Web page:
A diver about to immerse herself in water.
- When you put a dish into a sink entirely full of sudsy water, this is an example of when you immerse the dish in the water.
- When you become very involved in reading a book, this is an example of a situation where you immerse yourself in a book.
- to plunge, drop, or dip into or as if into a liquid, esp. so as to cover completely
- to baptize by submerging in water
- to absorb deeply; engross: immersed in study
Origin of immerse; from Classical Latin immersus, past participle of immergere, to dip, plunge into: see in- and amp; merge
transitive verbim·mersed, im·mers·ing, im·mers·es
- To cover completely in a liquid; submerge.
- To baptize by submerging in water.
- To engage wholly or deeply; absorb: scholars who immerse themselves in their subjects.
Origin of immerseFrom Middle English immersed, embedded deeply, from Latin immersus, past participle of immergere, to immerse : in-, in; see in–2 + mergere, to dip.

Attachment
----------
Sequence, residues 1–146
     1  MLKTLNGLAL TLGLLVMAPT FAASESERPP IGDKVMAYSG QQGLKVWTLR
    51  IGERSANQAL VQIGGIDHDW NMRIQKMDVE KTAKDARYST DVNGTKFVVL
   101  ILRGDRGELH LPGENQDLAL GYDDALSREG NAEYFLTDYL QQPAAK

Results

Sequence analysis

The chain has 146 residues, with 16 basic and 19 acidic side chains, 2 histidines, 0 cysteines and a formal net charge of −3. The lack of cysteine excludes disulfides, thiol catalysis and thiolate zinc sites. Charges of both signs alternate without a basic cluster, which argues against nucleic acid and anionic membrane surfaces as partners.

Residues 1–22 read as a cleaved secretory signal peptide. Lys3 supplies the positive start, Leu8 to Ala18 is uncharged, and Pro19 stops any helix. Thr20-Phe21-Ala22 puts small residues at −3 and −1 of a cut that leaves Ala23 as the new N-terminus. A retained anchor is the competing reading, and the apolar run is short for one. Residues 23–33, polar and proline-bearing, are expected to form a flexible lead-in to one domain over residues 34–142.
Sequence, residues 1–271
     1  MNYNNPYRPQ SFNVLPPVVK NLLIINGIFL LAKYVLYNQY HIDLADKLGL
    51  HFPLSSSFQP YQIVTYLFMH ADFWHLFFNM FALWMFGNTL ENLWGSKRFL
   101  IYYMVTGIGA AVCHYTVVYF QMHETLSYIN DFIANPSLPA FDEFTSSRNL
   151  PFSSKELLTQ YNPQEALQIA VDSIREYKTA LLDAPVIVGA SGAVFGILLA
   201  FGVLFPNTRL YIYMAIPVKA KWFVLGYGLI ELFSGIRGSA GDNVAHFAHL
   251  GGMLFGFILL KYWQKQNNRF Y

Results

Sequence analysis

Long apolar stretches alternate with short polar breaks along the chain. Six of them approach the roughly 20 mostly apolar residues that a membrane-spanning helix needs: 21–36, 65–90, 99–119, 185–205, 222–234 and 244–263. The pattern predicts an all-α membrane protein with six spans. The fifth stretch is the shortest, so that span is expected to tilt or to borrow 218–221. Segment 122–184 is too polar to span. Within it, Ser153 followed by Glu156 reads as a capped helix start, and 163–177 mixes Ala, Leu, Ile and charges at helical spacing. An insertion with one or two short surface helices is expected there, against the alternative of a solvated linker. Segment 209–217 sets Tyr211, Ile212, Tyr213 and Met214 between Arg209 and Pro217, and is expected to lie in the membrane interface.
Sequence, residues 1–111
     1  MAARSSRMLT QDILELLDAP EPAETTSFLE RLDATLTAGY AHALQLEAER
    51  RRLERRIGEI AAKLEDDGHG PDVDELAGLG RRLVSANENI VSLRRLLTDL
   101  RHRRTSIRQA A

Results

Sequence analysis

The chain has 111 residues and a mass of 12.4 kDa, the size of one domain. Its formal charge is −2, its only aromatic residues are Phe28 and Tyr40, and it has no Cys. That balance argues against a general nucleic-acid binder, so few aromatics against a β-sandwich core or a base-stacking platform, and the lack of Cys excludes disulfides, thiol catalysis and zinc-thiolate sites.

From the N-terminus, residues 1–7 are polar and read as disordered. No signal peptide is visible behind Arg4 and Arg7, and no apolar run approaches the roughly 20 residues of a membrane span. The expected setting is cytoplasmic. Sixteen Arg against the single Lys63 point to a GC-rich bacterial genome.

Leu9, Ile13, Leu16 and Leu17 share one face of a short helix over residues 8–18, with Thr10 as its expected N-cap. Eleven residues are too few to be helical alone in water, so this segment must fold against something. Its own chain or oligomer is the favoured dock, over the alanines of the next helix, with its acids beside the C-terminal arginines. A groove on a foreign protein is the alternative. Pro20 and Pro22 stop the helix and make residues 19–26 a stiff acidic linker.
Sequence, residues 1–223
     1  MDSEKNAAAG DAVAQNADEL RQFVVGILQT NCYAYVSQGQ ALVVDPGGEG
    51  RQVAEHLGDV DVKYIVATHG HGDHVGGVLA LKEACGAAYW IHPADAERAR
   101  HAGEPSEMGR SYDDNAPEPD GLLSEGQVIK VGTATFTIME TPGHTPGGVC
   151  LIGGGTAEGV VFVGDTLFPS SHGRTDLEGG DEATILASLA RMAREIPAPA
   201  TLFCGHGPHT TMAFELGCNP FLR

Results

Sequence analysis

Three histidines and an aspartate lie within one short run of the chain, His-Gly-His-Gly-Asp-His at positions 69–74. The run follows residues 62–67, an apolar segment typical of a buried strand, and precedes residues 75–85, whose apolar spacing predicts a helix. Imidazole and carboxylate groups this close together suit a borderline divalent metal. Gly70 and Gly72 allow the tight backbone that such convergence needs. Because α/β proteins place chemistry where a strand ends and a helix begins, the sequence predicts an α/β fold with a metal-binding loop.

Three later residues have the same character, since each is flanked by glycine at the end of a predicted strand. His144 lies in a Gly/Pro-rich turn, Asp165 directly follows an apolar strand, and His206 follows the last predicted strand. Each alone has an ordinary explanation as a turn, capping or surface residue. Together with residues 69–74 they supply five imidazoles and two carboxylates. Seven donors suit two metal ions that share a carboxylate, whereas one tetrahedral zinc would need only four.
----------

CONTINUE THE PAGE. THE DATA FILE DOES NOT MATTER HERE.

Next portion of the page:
(third-person singular simple present immerses, present participle immersing, simple past and past participle immersed)
- To put under the surface of a liquid; to dunk.
- Archimedes determined the volume of objects by immersing them in water.
- To involve deeply
- The sculptor immersed himself in anatomic studies.
(comparative more immerse, superlative most immerse)
- (obsolete) Immersed; buried; sunk.
From Latin immersus, from immergō, from in + mergō.